17. “Literally”  Overusing this word can dilute its impact. Reserve it for situations where something truly happened exactly as described.
  18. “Sort of” or “Kind of”  These 2 phrases weaken your statements and can make you seem unsure. Replace them with more definitive language.
  19. "And everything like that." This is a phrase that can leave your audience confused. What are you referring to? Best to say what else there is instead of saying this phrase or eliminate it.
  20. “What I’m trying to say is…”  Oh boy. Yeah, don’t ever say this in a presentation. Please.
  21. “In my humble opinion”  While humility is admirable, this phrase can undermine your confidence. Express your viewpoint without downplaying it. Consider saying, “in my professional opinion.”
  22. “I guess” or “I suppose”  These phrases suggest uncertainty. If you have a viewpoint, state it confidently without hedging.
  23. “To be honest” or “Honestly”  This implies that you might not always be truthful, which can erode trust. Be honest in all your communications without announcing it.
  24. “Just”  Overusing "just" can diminish the importance of your message. For instance, instead of saying "I just wanted to add," simply say, "I want to add."
  25. “I'm not an expert, but...”  This phrase undermines your credibility. If you're not an expert, why should the audience listen to you? Share your knowledge without prefacing it with self-doubt.
  26. “Bear with me”  When there’s a technical difficulty, have a back up plan instead of saying this phrase. Be prepared.
  27. “I'll keep it short.”  This can set low expectations for your speech. Be confident in your ability to deliver a concise and engaging presentation.
  28. “I don't know if you can see this, but...”  Assume that your audience can see what you're presenting. Avoid this phrase to maintain a confident tone.
  29. “It's complicated.”   While some topics are complex, strive to break them down into understandable parts rather than dismissing them.
  30. “Moving right along…”  This sounds like you’re not prepared and are stumbling to the next point. You will sound and be confident when you have prepared transitions throughout your talk.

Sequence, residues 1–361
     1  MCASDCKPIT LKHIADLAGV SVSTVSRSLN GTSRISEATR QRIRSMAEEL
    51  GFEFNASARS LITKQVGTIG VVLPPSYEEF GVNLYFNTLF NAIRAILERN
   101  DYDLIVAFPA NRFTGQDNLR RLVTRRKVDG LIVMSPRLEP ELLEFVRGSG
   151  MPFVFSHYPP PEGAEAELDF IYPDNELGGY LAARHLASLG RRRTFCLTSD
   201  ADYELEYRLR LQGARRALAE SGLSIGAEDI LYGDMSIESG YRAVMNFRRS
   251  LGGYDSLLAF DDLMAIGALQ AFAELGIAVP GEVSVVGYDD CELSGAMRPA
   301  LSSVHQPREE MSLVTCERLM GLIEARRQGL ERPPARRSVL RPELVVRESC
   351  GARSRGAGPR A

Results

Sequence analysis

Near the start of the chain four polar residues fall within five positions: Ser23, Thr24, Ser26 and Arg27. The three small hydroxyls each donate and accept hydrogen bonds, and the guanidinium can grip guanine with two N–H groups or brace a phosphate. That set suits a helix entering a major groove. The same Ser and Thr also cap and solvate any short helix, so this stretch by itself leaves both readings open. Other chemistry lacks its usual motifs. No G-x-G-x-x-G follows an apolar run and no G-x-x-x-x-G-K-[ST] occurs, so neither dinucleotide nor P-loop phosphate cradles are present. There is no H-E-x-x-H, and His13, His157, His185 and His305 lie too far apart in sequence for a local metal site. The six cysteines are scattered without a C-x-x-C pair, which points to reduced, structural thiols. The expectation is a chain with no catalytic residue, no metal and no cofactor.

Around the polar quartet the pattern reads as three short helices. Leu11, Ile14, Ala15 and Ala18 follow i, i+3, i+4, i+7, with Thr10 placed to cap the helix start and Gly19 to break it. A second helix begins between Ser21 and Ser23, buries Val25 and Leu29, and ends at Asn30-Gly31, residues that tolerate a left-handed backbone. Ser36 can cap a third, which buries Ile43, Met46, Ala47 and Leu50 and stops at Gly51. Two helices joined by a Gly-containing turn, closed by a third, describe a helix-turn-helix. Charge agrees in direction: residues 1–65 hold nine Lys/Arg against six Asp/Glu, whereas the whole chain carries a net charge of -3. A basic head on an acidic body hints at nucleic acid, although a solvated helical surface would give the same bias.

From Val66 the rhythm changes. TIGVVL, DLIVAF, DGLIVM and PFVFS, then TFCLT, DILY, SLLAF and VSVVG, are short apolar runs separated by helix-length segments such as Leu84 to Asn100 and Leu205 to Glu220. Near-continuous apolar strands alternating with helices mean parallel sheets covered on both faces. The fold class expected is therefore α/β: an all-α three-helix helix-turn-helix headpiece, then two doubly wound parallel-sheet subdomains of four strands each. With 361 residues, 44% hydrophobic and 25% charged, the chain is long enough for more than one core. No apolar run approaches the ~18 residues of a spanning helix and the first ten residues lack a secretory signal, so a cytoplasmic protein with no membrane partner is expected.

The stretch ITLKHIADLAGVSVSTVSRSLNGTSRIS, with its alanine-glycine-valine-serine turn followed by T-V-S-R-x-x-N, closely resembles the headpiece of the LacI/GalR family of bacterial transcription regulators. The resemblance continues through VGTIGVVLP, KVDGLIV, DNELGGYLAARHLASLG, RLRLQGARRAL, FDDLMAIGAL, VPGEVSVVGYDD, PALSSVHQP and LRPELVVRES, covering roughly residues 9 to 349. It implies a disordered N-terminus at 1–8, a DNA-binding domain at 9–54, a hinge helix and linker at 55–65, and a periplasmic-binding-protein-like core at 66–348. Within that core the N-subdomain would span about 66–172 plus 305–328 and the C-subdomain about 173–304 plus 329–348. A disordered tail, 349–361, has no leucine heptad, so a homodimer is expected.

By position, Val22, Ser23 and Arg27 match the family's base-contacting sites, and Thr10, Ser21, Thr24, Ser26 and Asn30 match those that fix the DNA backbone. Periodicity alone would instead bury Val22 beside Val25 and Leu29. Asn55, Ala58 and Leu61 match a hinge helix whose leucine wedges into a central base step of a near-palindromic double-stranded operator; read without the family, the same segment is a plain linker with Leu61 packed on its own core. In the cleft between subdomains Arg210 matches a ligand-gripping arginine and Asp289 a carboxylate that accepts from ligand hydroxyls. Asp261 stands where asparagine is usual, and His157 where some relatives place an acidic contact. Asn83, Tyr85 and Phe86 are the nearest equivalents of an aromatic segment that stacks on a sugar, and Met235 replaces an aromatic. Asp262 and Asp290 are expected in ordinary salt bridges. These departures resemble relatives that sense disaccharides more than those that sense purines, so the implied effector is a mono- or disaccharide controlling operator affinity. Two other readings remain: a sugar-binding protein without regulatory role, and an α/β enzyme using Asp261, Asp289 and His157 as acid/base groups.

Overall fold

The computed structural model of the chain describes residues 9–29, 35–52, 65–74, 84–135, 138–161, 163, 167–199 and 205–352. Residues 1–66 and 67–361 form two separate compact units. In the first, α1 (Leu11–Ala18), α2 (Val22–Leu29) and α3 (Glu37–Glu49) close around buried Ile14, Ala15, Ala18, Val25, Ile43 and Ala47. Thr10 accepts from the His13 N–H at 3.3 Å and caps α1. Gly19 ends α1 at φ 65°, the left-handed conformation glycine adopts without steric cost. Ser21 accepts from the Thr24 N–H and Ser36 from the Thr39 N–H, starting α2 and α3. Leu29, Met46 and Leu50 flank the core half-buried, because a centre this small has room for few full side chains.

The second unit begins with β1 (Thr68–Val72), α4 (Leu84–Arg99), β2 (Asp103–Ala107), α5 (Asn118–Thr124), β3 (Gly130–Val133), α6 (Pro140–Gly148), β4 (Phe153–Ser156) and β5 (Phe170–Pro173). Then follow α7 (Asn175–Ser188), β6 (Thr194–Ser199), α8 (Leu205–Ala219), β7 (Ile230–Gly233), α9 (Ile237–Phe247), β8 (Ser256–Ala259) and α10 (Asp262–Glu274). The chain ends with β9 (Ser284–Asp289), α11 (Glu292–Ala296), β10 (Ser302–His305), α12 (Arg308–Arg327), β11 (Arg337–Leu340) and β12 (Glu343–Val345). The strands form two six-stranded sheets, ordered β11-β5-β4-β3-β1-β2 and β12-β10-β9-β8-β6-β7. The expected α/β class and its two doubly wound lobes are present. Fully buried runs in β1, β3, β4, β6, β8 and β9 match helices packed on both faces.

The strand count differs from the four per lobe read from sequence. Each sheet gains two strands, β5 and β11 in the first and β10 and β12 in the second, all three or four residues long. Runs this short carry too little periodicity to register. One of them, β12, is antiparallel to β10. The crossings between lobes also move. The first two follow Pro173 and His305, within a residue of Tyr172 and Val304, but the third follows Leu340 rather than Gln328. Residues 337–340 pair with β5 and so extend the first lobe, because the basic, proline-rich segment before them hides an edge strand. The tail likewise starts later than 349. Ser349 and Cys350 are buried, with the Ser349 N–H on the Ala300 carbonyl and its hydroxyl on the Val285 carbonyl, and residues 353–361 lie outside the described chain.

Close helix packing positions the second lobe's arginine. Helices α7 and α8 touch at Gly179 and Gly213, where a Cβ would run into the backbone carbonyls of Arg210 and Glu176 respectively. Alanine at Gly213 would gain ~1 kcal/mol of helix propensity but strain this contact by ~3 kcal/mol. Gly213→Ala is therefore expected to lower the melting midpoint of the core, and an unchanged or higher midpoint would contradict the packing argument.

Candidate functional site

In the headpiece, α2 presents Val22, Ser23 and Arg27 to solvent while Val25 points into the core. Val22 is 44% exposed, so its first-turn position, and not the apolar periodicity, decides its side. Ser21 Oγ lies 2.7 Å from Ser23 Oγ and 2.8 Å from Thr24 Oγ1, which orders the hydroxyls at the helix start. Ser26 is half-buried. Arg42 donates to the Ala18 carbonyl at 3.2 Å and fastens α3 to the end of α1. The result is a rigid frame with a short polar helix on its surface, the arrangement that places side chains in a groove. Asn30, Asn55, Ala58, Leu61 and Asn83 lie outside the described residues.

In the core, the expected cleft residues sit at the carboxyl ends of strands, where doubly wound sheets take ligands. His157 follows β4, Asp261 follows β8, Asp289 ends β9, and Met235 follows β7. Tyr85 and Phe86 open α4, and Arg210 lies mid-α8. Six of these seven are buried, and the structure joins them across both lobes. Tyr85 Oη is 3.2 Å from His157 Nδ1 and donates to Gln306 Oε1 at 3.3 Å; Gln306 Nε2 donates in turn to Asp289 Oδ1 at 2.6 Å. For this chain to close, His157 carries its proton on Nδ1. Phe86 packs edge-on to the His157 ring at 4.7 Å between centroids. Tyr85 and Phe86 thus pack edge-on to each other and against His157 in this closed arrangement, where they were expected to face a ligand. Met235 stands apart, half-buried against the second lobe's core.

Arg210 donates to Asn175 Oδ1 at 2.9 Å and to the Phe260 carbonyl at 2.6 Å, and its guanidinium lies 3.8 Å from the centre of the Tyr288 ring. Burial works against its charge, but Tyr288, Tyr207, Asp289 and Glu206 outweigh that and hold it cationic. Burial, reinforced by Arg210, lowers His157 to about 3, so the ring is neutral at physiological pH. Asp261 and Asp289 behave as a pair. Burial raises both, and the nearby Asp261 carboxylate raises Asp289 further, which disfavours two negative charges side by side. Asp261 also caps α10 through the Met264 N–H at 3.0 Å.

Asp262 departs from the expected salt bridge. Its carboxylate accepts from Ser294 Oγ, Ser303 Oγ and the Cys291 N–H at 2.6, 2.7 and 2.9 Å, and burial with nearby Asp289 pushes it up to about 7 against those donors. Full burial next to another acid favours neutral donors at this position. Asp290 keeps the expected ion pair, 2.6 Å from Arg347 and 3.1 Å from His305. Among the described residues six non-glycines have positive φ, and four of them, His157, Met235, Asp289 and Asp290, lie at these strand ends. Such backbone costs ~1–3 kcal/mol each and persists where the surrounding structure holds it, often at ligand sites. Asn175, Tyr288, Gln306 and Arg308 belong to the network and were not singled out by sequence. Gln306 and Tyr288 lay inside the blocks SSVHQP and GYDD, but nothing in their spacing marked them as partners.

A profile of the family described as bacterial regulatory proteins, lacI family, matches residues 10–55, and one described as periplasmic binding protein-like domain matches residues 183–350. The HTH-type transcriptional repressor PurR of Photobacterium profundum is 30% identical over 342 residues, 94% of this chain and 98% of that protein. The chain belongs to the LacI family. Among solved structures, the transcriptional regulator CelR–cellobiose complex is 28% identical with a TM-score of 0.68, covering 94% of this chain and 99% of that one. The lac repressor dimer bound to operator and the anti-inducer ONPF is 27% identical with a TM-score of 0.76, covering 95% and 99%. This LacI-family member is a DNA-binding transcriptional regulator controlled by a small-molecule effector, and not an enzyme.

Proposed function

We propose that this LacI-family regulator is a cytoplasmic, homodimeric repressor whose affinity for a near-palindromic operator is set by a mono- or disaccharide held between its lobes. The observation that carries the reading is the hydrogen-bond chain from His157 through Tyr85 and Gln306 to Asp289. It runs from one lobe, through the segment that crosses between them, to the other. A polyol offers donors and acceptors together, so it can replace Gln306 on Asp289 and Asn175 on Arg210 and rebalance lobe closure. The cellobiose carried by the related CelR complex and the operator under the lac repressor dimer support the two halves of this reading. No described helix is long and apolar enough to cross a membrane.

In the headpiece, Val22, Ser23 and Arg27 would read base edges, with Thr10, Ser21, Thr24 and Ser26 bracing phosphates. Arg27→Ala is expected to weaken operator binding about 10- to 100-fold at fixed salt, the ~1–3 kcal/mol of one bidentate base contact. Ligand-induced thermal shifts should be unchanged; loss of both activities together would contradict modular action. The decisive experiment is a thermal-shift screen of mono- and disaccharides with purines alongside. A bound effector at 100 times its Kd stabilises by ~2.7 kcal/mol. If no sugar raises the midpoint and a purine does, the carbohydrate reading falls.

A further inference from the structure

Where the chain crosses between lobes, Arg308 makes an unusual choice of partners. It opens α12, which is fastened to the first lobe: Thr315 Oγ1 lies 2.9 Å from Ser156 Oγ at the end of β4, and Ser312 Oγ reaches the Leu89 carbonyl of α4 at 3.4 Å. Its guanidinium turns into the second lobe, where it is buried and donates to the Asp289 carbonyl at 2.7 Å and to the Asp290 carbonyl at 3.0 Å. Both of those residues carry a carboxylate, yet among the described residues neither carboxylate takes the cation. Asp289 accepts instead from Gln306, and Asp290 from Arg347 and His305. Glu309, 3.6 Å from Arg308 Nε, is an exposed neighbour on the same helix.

31. “I think we covered everything.”  Be more definitive in your conclusion.  For one thing, you couldn't have possibly covered everything. Your the expert and have a ton of knowledge.  Avoid this phrase and any semblance of it.
  32. “I'm not sure if this makes sense.”  Don't cast doubt on your audience's ability to comprehend. Instead, ask if there are any questions or provide clarification if needed. You must be sure that you are making sense.
  33. “Know what I mean?”  This phrase makes you sound uncertain. Best to eliminate it.
  34. “I’m running out of time, so I’ll be quick.” Instead of bringing attention to the shortage of time and lack of preparation, practice your presentations so that you stay within the allotted time. If you are given less time than what was arranged, be prepared to skip some material. Your audience will never know (unless you tell them, but don't).
  35. “That’s all I have.”  Never end a talk this way. Prepare a strong close that leaves your audience wanting more. Be prepared to summarize the value and the key takeaways for your audience.

Do you have any must-have words or phrases to add to the list? I am sure there are more!

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About the Author

Hi! I'm Pam. I teach entrepreneurs to be fearless & compelling speakers online and in person and how to easily promote and run their own online workshops, webinars, and online courses.